Center on Contemporary Art (CoCA)
Gary Hill:
Linguistic Spill ([Un]Contained)
July 26—September 29, 2018

Linguistic Spill ([Un]Contained), exhibited last summer through early fall, was connected to a similar concurrent project of Gary Hill’s at the Museum of Art, Architecture and Technology (MAAT) in Lisbon, Portugal. Meanwhile, Hill’s Seattle Central Library work Astronomy by Day (and other oxymorons) (2003-05), commissioned for the Rem Koolhaas-designed building, was removed due to faulty equipment and other technical glitches.

Visitors entered Linguistic Spill ([Un]Contained) through CoCA’s unusually narrow, deep space, triggering lights and floor-and ceiling-based video projectors. Accompanied by audio, numerous projectors transmitted wildly gyrating, green linear patterns onto the ceiling and walls. Proceeding further into the space without obvious pathways, viewers created their own meandering performance in the midst of flashing green lights, laser-like, exploding networks and blaring, crackly electronic static.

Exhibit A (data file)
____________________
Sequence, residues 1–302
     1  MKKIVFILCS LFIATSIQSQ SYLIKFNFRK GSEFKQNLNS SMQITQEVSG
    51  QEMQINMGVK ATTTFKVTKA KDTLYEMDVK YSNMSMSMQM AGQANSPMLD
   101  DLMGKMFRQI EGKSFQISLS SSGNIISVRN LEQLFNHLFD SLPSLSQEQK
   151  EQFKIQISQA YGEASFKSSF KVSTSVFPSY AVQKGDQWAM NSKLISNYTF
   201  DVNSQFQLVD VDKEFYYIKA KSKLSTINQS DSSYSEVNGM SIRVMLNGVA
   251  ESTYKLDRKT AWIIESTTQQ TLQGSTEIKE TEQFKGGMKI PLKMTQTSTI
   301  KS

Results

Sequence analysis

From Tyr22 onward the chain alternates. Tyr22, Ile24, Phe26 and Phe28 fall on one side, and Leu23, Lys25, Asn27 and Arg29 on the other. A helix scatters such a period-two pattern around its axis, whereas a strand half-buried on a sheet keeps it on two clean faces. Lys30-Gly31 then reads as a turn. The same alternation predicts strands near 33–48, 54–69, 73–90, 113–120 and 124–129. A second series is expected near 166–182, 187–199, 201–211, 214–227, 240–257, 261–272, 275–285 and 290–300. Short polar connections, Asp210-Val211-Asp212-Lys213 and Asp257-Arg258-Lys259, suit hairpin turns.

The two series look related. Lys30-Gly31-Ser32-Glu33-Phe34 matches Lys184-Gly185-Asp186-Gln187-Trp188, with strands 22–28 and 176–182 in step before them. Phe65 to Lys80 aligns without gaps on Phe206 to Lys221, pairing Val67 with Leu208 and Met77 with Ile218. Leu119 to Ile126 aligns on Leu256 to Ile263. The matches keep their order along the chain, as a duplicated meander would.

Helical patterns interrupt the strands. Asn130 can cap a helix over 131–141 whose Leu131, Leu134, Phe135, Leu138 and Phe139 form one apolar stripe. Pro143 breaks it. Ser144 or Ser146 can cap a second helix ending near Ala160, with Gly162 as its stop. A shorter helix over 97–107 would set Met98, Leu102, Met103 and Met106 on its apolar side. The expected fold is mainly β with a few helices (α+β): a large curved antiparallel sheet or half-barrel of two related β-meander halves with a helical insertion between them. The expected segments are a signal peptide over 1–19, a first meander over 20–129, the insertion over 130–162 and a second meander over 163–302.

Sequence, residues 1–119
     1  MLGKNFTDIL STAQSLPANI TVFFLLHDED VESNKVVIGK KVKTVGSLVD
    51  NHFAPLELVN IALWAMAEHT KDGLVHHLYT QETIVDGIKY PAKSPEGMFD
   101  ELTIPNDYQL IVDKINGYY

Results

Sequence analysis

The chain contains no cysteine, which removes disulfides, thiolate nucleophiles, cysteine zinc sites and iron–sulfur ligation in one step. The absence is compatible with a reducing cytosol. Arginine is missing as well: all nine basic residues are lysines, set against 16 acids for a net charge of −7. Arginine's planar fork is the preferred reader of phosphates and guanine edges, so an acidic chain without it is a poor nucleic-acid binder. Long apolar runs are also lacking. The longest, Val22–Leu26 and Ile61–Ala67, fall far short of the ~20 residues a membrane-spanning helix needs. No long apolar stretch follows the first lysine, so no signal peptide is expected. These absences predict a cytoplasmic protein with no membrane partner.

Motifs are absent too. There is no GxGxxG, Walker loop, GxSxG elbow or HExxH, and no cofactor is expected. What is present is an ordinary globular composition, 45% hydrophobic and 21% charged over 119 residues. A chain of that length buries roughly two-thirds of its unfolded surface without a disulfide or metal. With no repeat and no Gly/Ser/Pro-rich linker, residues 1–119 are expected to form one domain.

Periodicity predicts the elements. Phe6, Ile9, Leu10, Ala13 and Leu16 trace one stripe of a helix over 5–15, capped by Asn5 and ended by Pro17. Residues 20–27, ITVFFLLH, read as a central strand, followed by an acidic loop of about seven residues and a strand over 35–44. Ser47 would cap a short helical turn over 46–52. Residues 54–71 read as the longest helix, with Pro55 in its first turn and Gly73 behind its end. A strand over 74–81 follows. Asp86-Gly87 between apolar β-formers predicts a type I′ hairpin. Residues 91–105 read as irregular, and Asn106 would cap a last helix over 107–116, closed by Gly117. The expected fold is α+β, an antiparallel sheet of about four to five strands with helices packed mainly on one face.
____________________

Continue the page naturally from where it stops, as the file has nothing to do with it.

Contemplating any broader potential meaning of a piece ostensibly titled to draw attention to language, one thinks of the remarks of the late Robert Morris who said he wanted to make art that “does not seek control through explanation.” Leaving interpretation in the hands of the visitor, Hill’s installation is among his most self-contained and concise. As in the best of his works, such as “Tall Ships” (1992) (a darkened corridor with a phalanx of electronic equipment on either side), the human body, not technology or critical theory, is the recurrent element in Linguistic Spill ([Un]Contained). As one navigates in the flickering darkness, various routes of access or exit are illuminated, demarking a newly found theatrical dimension or coerced choreographic movement. In this sense, Hill is perhaps the most choreographic of video sculptors.

At the same time, Linguistic Spill ([Un]Contained) grows out of Hill’s earliest developments in expanding sculptural space with different media elements such as video, sound and light. Free of words, the work could yet symbolize the sensory overload made so common today by the instant accessibility of social media and other vehicles of information reception.

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